Hypo Clearing:

The importance of hypo-clearing agent as a wash aid cannot be over-stressed. It is inexpensive, environmentally harmless, and its use results in lower levels of residual thiosulphate than can be achieved by washing alone, as well as a considerable saving in water. In addition to the thiosulphate displacement, wash aids help reverse the mordanting of thiosulphate in the image silver that takes place when aluminium hardeners are used, and help remove the sparingly soluble silver thiosulphate complexes that cannot be removed by washing alone. A further attribute is that cold-water washing is more effective after the use of hypo clear. Both the Kodak product and Ilford Galerie Washaid are similar. The Ilford product is slightly more alkaline, which should improve its efficiency marginally, and it contains agents to balance it for hard water. A number of other brands exist, including Heico Perma Wash. For scratch mixers, a 2% solution of sodium sulphite (about a heaped teaspoon in a litre of water – measurement accuracy is not critical) works well.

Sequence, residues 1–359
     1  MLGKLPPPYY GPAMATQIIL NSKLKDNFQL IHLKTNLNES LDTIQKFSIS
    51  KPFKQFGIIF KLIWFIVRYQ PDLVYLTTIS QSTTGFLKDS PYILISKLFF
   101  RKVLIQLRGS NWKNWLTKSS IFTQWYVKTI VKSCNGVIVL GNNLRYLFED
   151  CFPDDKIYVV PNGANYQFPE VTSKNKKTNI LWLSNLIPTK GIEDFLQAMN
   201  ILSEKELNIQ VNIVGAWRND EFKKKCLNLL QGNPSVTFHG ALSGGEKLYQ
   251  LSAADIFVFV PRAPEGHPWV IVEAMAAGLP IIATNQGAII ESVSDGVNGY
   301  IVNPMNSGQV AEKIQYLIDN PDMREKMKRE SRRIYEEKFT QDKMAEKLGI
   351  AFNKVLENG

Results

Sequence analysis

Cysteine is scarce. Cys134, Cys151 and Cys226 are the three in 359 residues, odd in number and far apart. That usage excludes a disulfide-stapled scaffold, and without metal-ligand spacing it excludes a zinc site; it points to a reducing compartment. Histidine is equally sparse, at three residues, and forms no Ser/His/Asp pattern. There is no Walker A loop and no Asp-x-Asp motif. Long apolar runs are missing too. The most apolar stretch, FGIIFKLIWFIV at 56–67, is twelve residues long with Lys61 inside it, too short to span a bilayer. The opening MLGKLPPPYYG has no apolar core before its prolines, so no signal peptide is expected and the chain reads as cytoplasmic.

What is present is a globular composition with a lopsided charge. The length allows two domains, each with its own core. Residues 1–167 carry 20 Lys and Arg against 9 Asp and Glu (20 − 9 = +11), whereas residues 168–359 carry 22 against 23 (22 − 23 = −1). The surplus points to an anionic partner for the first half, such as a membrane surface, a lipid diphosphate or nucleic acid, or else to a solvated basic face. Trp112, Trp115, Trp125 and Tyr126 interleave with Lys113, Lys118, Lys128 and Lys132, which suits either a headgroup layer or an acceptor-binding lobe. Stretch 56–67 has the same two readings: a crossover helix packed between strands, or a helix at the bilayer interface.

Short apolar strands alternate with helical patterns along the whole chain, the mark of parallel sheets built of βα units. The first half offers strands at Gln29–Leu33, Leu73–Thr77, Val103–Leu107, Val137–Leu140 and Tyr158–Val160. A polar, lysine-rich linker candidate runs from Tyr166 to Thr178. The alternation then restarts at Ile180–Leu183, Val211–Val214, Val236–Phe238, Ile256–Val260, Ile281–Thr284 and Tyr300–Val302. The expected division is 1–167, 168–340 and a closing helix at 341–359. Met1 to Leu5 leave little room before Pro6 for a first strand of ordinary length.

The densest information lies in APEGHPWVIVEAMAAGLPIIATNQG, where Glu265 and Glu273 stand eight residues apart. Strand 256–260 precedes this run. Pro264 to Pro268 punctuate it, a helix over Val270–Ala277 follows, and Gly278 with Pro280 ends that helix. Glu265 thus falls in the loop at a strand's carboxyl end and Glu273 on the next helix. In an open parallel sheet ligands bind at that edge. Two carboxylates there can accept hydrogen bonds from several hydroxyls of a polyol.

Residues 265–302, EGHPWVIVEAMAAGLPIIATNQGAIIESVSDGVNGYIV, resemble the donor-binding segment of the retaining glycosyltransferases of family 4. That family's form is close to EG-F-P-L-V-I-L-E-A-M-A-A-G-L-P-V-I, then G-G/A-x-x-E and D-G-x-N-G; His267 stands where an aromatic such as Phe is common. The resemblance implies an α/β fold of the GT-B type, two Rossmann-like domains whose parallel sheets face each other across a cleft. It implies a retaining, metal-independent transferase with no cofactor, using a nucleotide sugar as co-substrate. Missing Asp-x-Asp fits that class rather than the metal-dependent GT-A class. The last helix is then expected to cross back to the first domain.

Hypo Eliminator
:

Hypo eliminator is frequently confused with hypo clearing agents. It is a completely different substance, performing a different function. Hypo eliminator is a mixture of ammonia and hydrogen peroxide, prepared immediately before use. Whereas hypo clear acts by displacement, hypo eliminator actually breaks thiosulphate down by oxidising it into soluble sulphates that are more readily removed. Until the 1980’s, the use of hypo eliminator was recommended for the ultimate in archival work, and was included as a benchmark in the ANSI standard. Current thinking is that the cure is worse than the disease, as it weakens the paper structure and may have long term effects on image stability. Hypo eliminator is no longer recommended.